In November 2006, Agros offered Paola a job as a promoter of the textiles and weaving project. “I teach women how to improve their products and how to sell them more effectively. I work with all the Agros villages in the area, including Cajixay. It is a privilege to help the women in my own community. I am even teaching my mother!”

With the money that she earns, Paola pays for her studies at the university. “I work Monday through Friday for Agros, and I attend classes on Saturdays in Santa Cruz del Quiché. Saturdays are long days; I leave my house at 4 in the morning and return at about 10 at night, but it is worth the effort.”

paola2.jpgPaola is studying social work, and her dream is to continue helping the people in her community and in all of Guatemala. “I love my work!” she says.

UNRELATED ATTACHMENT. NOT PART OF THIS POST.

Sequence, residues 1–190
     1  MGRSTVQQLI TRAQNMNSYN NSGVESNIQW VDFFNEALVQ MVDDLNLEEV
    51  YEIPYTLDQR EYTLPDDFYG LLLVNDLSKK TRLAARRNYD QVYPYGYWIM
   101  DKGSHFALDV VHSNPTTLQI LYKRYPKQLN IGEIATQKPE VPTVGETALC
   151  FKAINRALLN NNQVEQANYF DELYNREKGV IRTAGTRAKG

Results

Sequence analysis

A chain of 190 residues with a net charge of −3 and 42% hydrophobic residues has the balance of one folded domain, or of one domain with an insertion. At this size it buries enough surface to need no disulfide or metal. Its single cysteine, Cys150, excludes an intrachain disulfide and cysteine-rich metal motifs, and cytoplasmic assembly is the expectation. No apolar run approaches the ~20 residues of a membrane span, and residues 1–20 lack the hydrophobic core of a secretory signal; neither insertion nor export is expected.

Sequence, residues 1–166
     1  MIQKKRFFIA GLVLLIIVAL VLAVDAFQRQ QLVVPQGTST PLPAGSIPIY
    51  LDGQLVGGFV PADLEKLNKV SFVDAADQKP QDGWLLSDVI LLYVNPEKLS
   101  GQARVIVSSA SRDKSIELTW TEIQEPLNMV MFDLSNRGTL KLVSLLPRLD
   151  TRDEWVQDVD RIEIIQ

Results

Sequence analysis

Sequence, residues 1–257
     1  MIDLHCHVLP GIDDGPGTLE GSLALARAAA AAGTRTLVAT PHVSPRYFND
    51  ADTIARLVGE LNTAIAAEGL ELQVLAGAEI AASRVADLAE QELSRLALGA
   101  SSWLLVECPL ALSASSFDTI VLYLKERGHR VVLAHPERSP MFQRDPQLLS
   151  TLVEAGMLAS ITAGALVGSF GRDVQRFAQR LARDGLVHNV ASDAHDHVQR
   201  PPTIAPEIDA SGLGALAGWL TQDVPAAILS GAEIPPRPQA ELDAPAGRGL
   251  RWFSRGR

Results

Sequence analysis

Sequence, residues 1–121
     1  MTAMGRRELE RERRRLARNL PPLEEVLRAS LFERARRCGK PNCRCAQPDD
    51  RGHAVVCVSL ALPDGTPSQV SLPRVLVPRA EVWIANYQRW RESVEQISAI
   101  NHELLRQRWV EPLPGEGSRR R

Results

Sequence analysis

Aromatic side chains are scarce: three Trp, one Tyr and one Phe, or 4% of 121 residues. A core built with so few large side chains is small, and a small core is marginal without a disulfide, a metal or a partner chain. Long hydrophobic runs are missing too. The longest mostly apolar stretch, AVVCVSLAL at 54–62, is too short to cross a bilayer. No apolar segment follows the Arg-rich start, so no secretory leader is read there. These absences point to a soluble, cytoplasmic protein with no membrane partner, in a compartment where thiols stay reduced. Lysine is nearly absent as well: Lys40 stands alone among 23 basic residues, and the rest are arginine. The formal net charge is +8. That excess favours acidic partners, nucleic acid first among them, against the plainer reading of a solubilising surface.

Paola’s deep conviction to help the poor are reflected in these words, “I want to urge all you who read this – fight to improve your lives. And if you don’t have your own struggles, fight to improve other people’s lives.”

“Agros has given me hope and a life of opportunity”

The story of Agros is written by people who dare to overcome their limitations with hope and hard work.  These are people who, when given encouragement and opportunity, stand up with strength and hope that their dreams can be fulfilled even after poverty has worn their hearts away. 

This is the story of Mario, a leader of the Agros village Brisas del Volcán in Honduras.

mario1.jpgFor most of his life Mario rented land to grow corn and beans to feed his family. Making less than three dollars a day, he struggled to provide for all their needs. “I was constantly in debt at the local market, so any money I made during the week was already spent.” Whenever his family ran out of food, Mario would go into the mountains in search of bananas or roots to eat. “We had to make sacrifices because we didn’t have any money.”